Market Overview

Walmart To Launch 'Ultimate Life Hack' Subscription Service This Month

Walmart To Launch 'Ultimate Life Hack' Subscription Service This Month

Walmart Inc. (NYSE: WMT) will be launching its long-speculated Walmart+ subscription service nationwide on Sept. 15, the company announced Monday.

What Happened: Walmart was rumored to be rolling out a subscription plan earlier this year but the idea was put on hold. 

The new program will cost $98 a year, or $12.95 a month, reported CNBC. Benefits of the program include free delivery, gas discounts, and the option to use the company's “Scan & Go” app that allows customers to skip the traditional checkout line. Customers will need to have a minimum order of $35 to receive free delivery.

Walmart has tried a subscription model in the past. In 2015, it rolled out ShippingPass — only to cut the program two years later.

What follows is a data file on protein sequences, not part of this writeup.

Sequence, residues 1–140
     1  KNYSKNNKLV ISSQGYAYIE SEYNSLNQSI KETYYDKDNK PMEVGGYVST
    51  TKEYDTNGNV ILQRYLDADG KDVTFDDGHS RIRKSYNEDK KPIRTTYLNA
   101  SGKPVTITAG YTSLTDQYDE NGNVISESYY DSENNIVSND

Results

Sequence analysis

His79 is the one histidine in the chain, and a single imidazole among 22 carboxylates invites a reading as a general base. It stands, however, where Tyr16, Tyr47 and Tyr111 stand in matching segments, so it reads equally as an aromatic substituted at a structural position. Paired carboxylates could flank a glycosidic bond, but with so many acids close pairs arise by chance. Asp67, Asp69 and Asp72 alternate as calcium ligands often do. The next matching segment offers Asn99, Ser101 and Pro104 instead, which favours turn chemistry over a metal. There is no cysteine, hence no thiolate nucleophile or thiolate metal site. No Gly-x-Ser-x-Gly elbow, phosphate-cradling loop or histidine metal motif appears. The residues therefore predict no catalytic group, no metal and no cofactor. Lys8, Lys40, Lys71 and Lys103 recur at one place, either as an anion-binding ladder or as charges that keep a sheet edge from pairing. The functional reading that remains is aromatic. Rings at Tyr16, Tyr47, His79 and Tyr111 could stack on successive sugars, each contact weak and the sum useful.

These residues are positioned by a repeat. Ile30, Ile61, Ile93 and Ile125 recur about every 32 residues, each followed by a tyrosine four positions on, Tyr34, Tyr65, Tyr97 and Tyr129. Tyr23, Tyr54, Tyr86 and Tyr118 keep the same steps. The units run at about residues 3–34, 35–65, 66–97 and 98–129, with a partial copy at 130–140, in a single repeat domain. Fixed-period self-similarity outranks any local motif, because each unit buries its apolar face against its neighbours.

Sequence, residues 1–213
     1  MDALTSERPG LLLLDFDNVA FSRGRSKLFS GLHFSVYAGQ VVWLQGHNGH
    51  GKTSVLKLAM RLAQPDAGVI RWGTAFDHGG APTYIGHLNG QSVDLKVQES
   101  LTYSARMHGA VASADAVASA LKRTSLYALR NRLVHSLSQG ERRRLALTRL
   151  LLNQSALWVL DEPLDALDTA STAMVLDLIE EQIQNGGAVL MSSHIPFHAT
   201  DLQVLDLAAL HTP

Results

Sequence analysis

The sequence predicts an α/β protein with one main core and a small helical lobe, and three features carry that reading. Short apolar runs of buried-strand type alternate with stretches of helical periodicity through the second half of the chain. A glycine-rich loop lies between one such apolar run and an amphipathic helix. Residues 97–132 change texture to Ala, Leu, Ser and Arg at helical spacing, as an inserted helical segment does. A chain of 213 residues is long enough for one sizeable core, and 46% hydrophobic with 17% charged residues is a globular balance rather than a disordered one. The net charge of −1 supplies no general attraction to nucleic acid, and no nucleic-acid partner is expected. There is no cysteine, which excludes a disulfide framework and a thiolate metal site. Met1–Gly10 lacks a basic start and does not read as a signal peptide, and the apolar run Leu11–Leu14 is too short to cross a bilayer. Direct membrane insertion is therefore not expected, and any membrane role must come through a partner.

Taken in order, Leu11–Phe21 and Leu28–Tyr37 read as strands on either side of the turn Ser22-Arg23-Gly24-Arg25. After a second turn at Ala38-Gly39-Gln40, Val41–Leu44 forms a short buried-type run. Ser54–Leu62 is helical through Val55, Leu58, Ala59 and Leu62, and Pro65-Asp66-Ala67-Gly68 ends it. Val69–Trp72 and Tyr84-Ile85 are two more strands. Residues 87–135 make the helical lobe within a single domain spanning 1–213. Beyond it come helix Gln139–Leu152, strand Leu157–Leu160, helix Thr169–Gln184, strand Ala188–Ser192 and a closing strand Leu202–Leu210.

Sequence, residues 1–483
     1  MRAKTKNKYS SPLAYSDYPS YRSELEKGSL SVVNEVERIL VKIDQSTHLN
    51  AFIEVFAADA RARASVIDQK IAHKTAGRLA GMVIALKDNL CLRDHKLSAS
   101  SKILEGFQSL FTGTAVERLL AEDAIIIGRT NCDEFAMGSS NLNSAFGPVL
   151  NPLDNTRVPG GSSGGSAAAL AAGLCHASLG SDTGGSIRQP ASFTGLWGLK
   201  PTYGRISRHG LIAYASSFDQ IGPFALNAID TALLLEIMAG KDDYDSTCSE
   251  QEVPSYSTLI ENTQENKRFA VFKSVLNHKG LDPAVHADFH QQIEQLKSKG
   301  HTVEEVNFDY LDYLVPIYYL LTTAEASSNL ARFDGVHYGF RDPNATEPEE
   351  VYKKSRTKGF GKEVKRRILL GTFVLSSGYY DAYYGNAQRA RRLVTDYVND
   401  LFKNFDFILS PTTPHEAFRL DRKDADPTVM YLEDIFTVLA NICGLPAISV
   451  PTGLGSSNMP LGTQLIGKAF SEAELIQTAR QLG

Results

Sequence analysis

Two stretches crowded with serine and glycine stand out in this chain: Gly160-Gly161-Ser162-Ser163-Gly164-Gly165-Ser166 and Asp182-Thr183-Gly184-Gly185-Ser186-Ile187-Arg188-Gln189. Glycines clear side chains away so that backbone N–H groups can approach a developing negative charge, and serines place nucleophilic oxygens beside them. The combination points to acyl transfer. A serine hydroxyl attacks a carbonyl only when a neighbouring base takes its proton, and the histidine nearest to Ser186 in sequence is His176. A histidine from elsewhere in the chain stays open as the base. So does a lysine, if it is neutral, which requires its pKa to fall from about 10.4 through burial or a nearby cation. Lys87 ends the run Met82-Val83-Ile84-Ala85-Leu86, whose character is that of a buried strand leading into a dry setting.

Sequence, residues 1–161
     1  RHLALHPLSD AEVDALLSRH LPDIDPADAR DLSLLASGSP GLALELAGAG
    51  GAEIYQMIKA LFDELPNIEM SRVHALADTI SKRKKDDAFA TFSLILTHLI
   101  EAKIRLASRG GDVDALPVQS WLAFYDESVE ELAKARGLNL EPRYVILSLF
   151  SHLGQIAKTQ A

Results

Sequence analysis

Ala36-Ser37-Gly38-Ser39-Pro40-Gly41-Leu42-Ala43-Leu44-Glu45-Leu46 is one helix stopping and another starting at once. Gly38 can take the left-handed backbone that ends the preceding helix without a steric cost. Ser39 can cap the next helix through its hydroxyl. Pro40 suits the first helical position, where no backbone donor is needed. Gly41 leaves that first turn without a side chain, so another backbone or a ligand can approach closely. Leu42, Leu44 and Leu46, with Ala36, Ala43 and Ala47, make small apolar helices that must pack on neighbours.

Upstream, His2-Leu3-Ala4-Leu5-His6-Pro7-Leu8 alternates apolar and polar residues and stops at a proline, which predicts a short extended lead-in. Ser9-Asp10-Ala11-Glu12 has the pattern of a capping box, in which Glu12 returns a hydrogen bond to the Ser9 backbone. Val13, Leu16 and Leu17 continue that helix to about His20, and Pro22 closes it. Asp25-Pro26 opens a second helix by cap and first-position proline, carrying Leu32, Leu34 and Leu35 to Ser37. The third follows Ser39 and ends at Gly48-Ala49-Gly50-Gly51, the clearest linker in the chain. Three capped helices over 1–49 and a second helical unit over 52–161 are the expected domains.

“We’ve designed this program as the ultimate life hack for them.” Walmart’s chief customer officer Janey Whiteside said, when speaking about their customer focus, according to the Washington Post.

Why It’s Important: Walmart is the nation's largest retailer with 3,569 supercenters nationwide.

In June, Morgan Stanley analyst Simeon Gutman said Walmart, with its assets, size and scale, seemed to be the second logical winner, after Inc. (NASDAQ: AMZN), when it comes to subscription models.

“A subscription model could change the conversation for WMT, allowing it to invest more freely into the business and earning a higher multiple by doing so,” Gutman said.

In August, Tab Analytics reported that the Arkansas-based retailer outsold Amazon in online grocery shopping.

“We’re not launching Walmart+ with the intent to compete with anything else,” Whiteside said in a call to reporters Monday, according to CNBC.

According to Rakuten Intelligence data, Walmart’s e-commerce sales made up 5% of overall United States online sales during the month of June, the Washington Post noted earlier.

Price Action: Walmart shares traded 0.25% higher at $139.20 in the after-hours session Monday.

Photo courtesy: Jared C. Benedict via Wikimedia


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